Cinematography

Yesterday Conann was discussing Cinematography and showing us some beautiful examples of good cinematography for us to carry through into our paintings in our ‘New World’ projects for Creative Elements. One particular cinematographer who i thought was great was Roger Deakins. He did the cinemaotgraphy for The Secret Garden, The Shawshank Redemption, Wall-e, How to Train Your Dragon, Skyfall and many more amazing films. However, Conann showed us some of his work from True Grit (2010),  and i was amazed, the shots he captured were beyond beautiful. Image

The light beaming through these windows in the dusty room is just beautiful.  Capturing the golden, warm colours really sets the mood. 

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When seeing a landscape image like this, i truly understand the need for widescreen film. 

Another film by him i adore is Skyfall. I remember watching it in the cinema and just thinking, wow, this is incredible. 

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the opening credits were entertaining, beautiful and had me glued to the screen.

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Again Deakins uses strong light beaming through windows to create a strong silhouetted figure.

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Only someone with great talent can strategically create an image in darkness and highlight in such a skillful way. It truly is inspiring. 

After becoming so inspired i decided to go to the library and took out the book ‘Cinematography Theory and Practice, Image Making for Cinematographers and Directors’ by Blain Brown. 

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Already from only reading the first few pages, its a great help and opening my mind to new possibilities. It is making me think of the image im creating completely differently. When i make my film/painting etc i need to take into account…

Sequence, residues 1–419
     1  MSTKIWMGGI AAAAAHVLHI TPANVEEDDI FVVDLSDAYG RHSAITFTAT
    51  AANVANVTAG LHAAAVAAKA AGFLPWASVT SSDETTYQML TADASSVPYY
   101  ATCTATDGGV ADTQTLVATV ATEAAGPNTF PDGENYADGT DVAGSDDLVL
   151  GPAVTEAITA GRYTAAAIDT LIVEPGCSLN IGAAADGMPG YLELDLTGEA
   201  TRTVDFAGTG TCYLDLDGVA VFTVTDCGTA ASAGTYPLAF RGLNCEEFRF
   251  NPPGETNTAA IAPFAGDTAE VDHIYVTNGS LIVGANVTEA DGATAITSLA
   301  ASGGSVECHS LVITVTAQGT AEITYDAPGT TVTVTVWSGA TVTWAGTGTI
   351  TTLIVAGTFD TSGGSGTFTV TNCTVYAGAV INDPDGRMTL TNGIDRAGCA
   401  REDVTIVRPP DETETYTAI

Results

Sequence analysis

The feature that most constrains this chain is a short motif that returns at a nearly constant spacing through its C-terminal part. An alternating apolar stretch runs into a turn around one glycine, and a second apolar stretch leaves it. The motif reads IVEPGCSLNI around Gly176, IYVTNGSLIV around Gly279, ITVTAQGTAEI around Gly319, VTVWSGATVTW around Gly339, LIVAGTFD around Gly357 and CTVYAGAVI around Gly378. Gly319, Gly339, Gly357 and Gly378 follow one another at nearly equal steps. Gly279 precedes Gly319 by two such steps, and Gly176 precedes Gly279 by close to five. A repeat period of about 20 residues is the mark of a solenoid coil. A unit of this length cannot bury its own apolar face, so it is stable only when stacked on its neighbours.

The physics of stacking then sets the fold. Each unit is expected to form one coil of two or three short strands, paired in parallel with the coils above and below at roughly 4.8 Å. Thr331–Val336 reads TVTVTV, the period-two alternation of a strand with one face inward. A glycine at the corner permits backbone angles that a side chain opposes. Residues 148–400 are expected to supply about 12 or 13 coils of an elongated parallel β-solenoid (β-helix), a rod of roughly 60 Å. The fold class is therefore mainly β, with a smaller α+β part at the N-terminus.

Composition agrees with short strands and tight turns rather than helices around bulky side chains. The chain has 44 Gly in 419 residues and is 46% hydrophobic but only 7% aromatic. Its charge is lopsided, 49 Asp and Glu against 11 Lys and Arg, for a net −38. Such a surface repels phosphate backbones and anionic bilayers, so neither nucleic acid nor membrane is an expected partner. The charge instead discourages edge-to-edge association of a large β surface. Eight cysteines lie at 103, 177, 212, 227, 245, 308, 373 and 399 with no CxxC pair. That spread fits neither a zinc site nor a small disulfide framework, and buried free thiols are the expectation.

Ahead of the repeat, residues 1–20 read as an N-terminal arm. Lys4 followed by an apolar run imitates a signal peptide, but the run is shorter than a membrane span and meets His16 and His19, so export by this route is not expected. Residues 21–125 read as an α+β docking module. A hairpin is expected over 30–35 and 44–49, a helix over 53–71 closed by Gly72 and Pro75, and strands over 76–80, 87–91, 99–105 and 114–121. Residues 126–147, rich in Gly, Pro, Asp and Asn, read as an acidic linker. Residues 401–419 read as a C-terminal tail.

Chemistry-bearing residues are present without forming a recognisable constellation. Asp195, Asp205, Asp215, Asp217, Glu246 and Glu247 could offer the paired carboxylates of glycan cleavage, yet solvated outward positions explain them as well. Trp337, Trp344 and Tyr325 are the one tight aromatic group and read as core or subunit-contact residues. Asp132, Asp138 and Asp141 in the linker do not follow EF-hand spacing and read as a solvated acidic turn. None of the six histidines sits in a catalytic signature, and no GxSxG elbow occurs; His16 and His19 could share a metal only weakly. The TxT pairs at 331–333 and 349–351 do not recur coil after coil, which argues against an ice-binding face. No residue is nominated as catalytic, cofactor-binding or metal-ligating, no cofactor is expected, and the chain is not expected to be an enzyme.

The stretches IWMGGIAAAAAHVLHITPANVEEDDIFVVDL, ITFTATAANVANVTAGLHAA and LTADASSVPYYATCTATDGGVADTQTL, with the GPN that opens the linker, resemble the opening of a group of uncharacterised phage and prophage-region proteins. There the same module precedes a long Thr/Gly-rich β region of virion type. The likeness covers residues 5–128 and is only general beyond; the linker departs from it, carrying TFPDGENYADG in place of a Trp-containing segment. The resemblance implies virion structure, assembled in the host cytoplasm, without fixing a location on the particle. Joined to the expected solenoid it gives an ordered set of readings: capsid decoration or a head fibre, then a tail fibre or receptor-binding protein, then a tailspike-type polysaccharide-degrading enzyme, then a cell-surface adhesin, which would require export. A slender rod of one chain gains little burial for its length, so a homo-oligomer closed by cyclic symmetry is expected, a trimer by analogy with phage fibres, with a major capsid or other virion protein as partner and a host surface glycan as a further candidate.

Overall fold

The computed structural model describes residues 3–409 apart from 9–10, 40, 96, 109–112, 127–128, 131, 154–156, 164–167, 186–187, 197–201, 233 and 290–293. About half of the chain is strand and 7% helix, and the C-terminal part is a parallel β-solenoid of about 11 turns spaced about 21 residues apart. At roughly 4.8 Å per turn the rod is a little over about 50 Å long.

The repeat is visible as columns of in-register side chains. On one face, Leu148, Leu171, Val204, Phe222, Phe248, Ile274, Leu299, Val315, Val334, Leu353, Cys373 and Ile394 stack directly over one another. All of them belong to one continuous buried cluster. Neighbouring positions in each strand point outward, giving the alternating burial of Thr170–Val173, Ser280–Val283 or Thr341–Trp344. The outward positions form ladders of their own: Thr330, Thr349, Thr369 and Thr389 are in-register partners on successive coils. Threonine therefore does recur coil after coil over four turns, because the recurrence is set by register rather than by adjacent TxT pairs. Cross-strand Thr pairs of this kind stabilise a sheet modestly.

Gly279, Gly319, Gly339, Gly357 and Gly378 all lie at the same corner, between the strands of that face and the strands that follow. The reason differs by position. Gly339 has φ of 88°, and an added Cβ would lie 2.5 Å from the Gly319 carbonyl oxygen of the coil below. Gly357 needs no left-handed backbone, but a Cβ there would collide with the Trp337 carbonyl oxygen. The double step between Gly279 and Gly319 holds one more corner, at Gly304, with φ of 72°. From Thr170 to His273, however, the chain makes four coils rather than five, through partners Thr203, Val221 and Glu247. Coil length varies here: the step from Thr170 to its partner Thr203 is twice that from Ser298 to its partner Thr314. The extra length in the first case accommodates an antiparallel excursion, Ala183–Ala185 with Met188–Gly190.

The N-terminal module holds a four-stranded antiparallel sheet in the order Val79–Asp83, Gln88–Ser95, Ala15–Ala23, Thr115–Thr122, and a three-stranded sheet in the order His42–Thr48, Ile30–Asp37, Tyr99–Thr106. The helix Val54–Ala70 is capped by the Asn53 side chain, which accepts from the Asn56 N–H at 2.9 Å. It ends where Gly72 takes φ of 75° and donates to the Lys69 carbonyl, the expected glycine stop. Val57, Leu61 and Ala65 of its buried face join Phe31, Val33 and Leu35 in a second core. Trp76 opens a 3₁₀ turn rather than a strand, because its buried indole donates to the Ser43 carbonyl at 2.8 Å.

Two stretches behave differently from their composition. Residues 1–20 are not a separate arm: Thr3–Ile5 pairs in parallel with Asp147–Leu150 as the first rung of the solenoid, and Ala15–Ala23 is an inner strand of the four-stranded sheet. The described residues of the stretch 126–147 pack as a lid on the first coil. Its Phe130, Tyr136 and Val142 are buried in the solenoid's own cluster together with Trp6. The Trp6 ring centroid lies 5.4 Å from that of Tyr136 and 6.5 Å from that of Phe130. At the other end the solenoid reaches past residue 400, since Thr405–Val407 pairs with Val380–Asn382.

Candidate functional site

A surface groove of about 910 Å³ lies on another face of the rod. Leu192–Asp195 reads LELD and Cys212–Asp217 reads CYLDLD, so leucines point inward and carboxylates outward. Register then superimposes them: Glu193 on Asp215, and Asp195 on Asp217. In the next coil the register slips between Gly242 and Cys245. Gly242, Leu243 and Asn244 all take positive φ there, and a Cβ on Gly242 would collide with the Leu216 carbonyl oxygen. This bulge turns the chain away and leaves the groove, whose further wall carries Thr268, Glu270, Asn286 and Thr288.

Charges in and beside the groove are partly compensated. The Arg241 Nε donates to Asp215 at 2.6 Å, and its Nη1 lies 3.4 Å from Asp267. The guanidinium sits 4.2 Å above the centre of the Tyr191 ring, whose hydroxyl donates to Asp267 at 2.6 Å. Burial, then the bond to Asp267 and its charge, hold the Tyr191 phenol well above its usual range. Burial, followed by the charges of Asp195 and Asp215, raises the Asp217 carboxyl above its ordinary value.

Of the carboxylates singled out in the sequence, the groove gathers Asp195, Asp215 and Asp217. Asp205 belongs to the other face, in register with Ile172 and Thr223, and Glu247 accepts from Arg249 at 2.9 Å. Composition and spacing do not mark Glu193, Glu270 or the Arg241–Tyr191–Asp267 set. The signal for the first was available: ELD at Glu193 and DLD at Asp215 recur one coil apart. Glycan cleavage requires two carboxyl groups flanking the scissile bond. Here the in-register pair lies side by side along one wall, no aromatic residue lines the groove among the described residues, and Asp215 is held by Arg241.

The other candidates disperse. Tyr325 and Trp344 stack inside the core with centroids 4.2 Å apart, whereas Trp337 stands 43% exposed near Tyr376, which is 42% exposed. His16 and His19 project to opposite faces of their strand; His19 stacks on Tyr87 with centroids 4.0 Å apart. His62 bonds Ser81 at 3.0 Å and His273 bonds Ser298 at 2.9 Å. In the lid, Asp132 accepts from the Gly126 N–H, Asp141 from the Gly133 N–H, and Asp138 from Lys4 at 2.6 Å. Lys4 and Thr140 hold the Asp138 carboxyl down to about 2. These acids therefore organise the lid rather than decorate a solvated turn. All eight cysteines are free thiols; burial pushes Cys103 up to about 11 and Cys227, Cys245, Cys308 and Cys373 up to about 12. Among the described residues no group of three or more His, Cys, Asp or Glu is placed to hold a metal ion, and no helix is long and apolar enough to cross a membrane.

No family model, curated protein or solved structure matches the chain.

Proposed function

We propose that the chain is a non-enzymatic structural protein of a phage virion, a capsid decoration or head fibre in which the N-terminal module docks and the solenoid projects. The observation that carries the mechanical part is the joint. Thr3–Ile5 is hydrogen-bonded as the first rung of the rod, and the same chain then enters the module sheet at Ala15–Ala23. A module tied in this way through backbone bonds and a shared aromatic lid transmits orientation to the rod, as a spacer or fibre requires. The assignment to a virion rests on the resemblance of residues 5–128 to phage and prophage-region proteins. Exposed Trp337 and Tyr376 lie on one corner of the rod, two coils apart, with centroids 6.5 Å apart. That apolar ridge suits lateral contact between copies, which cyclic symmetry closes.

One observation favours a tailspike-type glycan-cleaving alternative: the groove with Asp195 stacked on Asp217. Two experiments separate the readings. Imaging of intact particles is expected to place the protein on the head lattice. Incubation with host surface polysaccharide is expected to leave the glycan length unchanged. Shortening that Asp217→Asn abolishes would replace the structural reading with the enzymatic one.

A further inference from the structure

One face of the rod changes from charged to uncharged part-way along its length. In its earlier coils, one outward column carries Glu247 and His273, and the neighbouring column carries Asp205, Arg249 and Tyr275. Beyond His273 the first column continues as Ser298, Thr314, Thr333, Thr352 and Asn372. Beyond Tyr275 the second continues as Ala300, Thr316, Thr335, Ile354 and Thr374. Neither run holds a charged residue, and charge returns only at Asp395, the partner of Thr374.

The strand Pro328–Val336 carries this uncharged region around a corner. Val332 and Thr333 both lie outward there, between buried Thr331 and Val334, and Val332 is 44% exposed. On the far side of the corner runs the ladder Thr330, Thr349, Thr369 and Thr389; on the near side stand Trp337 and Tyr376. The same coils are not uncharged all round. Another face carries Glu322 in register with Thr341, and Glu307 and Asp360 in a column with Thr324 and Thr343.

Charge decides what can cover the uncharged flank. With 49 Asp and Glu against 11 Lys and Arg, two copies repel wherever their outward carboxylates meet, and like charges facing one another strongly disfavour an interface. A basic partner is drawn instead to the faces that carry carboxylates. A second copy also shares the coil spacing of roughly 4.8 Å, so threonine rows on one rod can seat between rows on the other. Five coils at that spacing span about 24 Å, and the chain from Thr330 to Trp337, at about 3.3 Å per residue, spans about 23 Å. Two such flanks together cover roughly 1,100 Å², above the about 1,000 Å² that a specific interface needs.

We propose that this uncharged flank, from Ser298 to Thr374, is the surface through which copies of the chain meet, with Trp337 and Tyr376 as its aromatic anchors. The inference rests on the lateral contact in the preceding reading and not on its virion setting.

• The Frame
  • Light and Colour
  • The Lens
  • Movement
  • Texture
  • Establishing
  • POV

Splitting things into the rule of thirds helps me visualize what i’m trying to create much better. Something people seem to overlook is in thinking that this is only important in photography, or only important in live action, as you can see here, it is always important. 

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The main thing i feel i need to focus on is light and colour, what makes an image go pop? What leads you into the image? IS there only one basic colour from dark to light? Is it an array of colour? Where is the light coming from? and why?

This is something i feel i personally need to research to become better at not just film making but painting and photography. 

Something i hadnt even picked up on until a few years ago was filters in film, or one colour scheme throughout, i find it it be beautiful and is something i want to focus on now, take Pans Labyrinth for example, the entire film has a cold blue/grey or golden filter.

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And take Honeydripper for example, it takes its name literally bringing warm honey shades into the film throughout. 

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Other films focus only on one colour for a specific effect, a very basic idea of this comes to mind from Schindlers List. This film is done fully in black and white until we see a lone child in a scene of war disaster, this childs coats red colour is kept fully saturated in the film. It represents so much more than just highlighted an innocent child, the red represents the fear, anger, blood, love and loss of war. 

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We later see a body in a red coat along with the other dead bodies in a cart being took to the incinerator, the first time i saw this film i cried my eyes out when i realized this revelation. This really does show how use of colour can be used for more than just an aesthetically pleasing image. 

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I am looking forward to reading the rest of my book and hope to learn and work well from what i am learning.